The fracturing of the global economic consensus
Markets may have rallied on Donald Trump’s potential trade “deal” with China, but the corporate world isn’t buying it. That’s one of the key points I took away from several days spent last week at a summit for global chief executives. They were busy preparing for a new world order that many believe will involve a stand-off not between two countries (the US and China) but between three systems — liberal democracy and free markets, state-run capitalism and cyber-libertarianism.
Call the trio the Washington consensus, the Beijing consensus and what I will dub the Zuckerberg consensus after the Facebook founder. Corporate leaders know the first is under threat, and that much of the world blames big business for its demise. They agree that they must help come up with a more inclusive form of free-market capitalism if they want their way of life to survive.
I heard more talk of “investing in human capital” and “prioritising sustainable markets” in the first hour of the AT Kearney-sponsored gathering than I had at any such shindig in recent memory. However, it’s hard to take the latter promise too seriously at a conference held at a luxury resort in Spain, where the record heat was uncomfortably juxtaposed with the amount of CO2 emissions that must have been required for participants’ travel.
I don’t mean to be too tough on the global elite. Summit participants have invested millions, maybe billions, of dollars in public health, education and climate change. As the head of one consumer goods group rightly put it, “you can’t have a healthy business without a healthy community”. Many conversations centred around managing the social impact of tech-based job disruption. But there was no consensus on how to fix capitalism, let alone liberal democracy. There was also frustration about all the finger pointing at business by politicians looking to score populist points. “I don’t have to justify my contribution to society,” said one EU executive. “My business is my contribution.”
CEOs agreed that we will not return to the open markets of the 1990s. They see the US-China trade conflict as the beginning of a clash of civilisations that will last for decades and divide the world. Beijing’s state-run model was the object of both envy and scepticism. Many western CEOs expressed the former, contrasting China’s long view with the pressures they faced due to quarterly earnings reports and increasing pressure from activist shareholders.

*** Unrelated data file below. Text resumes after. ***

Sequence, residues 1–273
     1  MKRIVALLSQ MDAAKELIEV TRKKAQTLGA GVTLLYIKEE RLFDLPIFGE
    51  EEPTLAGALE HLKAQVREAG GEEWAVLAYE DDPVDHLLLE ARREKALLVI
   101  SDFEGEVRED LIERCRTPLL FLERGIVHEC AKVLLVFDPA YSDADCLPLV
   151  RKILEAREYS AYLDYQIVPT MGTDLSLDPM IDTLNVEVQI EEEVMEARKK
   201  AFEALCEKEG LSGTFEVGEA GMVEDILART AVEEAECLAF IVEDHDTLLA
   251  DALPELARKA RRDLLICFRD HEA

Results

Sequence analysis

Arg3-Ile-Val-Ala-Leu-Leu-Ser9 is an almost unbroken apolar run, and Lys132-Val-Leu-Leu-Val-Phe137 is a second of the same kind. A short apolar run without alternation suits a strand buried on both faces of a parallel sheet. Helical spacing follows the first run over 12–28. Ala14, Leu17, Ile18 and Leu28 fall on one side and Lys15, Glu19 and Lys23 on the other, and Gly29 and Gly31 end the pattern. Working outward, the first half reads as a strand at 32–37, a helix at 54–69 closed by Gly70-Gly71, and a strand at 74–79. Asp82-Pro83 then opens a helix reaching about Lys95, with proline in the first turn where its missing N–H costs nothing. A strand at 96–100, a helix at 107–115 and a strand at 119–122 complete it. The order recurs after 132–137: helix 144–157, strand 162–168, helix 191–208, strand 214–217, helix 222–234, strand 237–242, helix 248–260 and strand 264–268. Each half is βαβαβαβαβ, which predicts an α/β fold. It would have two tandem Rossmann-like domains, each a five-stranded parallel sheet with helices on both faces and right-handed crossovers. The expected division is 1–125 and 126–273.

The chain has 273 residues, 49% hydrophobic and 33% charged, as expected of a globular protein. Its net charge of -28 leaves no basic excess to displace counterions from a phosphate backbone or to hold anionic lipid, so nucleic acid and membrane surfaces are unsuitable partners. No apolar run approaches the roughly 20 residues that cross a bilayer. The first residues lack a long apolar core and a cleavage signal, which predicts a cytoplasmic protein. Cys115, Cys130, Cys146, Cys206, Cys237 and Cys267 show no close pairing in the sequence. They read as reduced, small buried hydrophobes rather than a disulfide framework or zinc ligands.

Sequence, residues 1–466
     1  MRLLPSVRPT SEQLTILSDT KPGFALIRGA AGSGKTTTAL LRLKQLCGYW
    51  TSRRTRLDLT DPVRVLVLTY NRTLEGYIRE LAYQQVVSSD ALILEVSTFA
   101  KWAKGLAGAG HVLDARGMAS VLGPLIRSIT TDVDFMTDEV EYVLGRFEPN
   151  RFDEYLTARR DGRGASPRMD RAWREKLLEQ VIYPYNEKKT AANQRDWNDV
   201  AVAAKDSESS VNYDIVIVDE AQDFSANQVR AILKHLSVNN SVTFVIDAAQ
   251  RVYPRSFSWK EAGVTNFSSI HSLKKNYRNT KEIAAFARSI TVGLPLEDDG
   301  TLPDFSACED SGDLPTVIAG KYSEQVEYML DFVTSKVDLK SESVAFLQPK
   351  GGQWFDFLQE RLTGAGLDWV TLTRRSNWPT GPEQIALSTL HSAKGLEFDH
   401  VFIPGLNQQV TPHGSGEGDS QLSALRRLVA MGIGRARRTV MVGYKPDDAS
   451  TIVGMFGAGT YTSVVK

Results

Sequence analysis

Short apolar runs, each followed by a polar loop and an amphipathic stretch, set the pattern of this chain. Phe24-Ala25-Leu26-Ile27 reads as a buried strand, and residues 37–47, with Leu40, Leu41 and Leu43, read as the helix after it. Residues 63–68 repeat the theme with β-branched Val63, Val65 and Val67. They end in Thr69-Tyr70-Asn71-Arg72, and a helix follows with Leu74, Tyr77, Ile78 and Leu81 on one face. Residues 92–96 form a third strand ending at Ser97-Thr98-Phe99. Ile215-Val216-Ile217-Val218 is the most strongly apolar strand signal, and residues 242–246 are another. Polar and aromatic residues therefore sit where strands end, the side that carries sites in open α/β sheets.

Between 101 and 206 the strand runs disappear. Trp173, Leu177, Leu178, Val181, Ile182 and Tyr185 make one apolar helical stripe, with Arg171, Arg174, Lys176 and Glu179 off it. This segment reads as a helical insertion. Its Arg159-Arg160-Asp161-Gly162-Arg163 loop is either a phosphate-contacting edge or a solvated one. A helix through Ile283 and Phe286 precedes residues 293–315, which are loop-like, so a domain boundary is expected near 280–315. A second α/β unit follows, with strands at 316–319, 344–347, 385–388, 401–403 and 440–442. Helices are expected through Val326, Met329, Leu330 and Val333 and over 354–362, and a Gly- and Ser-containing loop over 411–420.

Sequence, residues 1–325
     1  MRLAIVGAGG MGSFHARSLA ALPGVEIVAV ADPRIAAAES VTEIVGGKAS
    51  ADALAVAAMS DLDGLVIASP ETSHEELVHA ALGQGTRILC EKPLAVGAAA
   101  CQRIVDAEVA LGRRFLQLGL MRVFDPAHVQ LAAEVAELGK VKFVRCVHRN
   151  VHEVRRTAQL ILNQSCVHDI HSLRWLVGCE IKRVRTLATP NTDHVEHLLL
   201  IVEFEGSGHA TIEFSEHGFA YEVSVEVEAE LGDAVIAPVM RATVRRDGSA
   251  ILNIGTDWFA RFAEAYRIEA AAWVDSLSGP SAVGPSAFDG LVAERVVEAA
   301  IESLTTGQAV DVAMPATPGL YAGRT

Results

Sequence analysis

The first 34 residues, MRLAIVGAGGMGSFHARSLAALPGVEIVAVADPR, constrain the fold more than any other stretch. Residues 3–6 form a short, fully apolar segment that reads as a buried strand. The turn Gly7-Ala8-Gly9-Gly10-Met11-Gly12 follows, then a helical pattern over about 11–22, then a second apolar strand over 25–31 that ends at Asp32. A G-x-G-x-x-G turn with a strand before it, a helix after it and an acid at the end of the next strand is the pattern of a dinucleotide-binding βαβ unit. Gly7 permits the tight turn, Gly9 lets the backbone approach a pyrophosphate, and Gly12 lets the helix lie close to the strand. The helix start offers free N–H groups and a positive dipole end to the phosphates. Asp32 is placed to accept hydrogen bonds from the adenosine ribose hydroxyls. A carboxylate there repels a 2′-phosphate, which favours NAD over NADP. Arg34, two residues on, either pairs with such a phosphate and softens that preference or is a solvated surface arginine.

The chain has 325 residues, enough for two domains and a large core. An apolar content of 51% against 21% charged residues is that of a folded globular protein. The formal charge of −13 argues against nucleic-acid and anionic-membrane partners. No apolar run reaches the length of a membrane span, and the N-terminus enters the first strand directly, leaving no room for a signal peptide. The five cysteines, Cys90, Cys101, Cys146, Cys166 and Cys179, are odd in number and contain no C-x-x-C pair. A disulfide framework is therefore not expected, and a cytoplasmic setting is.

But some executives from developing countries worried about the price they would pay for dependence on mercantilist Beijing. CEOs from Asia were split. Some felt China’s increasingly repressive surveillance state would prove too brittle, while others believed that its Belt and Road infrastructure programme would be the foundation of an entirely new and benign order benefiting east and west alike.
Nearly everyone agreed on the need for deeper understanding of China. As one participant put it, “we need to move from Cartesian to Confucian thinking”. But more than a few were betting that companies rather than countries would lead the new order — in particular, platform giants that have more scale and power than most nations. They could start to leverage their advantages in ways that mimic governments, taking as their “citizens” a younger generation of digital natives who have lost faith in traditional institutions.
Facebook’s planned launch of a digital currency, Libra, was a hot topic. One participant cited statistics showing that young people trust cryptocurrencies more than traditional stock exchanges. Meanwhile, the Bank for International Settlements and others like Christine Lagarde, IMF head and now the nominee to be the next president of the European Central Bank, fret about fintech’s threat to the global financial system.
A few digitally savvy participants saw Libra as only a first step into areas where governments (at least in the west) haven’t been able to effect change. Facebook could, conceivably, provide online education, or become an employment platform for legions of workers in a new global gig economy.
One participant, pointing out that liberal democratic governments simply can’t move fast enough to keep pace with technology, wondered whether “technology platforms might be the new Westphalian states”. In the middle of this session, the person sitting next to me passed me a slide on the “geopolitics of platforms” showing a regional breakdown of the equity market share of tech platforms — 70 per cent in the US, 27 per cent in Asia, and 3 per cent in Europe. Looked at in this way, perhaps the US still has more power relative to China than one might think. But as another participant put it, “countries are only relevant if they can tax companies”.
Platforms, of course, are not easy to tax. This is one of the issues that public policymakers throughout the developed world are wrestling with. It is also one that underscores the inexorable rise of corporate power over the past 40-odd years.
As one participant replied when I asked if he thought Facebook chief operating officer Sheryl Sandberg could still run for US president one day: “Why should she? She’s already leading Facebook.”